Again, I apologize for the harm I’ve done to the families of missing and murdered indigenous women and to any indigenous-led advocacy groups that I’ve harmed through this media distraction. Thank you for your interest in the project and your concern about the thousands of missing or murdered indigenous women in Canada. Thank you for calling me out and bringing your concerns to my attention. I apologize, also, if this statement reads as defensive. I’m trying my best to not be. Instead, I’m hoping you can see this lengthy statement as a process of me learning what I did wrong, so I don’t make the same mistakes in the future.

If you were supportive of the illustration project, please consider donating to the indigenous-led organization, It Starts With Us (http://www.itstartswithus-mmiw.com/donate), as I’ve done, and will do so again. If everyone who retweeted one of my illustrations donated even a few dollars, it would make a huge difference to their advocacy initiatives. Please also consider getting involved in one of the Women’s Memorial Marches on February 14.  And if you’re more into Twitter, Gregory Scofield (@gregoryscofield) and Lauren Crazybull (@LCrazybull) are both doing very important projects regarding #MMIW that you may want to follow.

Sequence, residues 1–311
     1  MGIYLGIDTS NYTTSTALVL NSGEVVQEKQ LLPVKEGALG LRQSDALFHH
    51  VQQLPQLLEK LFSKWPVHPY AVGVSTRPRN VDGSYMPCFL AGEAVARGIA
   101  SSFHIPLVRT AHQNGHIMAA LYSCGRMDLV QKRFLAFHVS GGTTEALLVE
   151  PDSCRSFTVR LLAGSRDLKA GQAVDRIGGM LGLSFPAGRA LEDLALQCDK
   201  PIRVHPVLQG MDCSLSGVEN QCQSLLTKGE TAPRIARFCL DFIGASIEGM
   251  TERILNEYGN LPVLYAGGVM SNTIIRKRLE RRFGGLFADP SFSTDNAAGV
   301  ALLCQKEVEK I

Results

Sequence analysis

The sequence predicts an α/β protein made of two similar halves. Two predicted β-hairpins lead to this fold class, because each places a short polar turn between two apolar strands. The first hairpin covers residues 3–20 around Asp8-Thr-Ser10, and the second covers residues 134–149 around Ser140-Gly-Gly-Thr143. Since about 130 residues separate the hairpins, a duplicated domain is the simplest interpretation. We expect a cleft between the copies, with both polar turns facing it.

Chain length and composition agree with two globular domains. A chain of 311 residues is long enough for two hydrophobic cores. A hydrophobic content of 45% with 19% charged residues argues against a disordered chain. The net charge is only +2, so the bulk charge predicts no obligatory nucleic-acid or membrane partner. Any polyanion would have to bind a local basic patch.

Please don’t be upset this initiative is ending. There are many other ways you and I and we all can help bring attention to this extremely crucial issue and be allies. And if any indigenous-led advocacy groups could ever use some cartoon illustration for a project or two, I invite them to get in touch. I will happily volunteer my skills.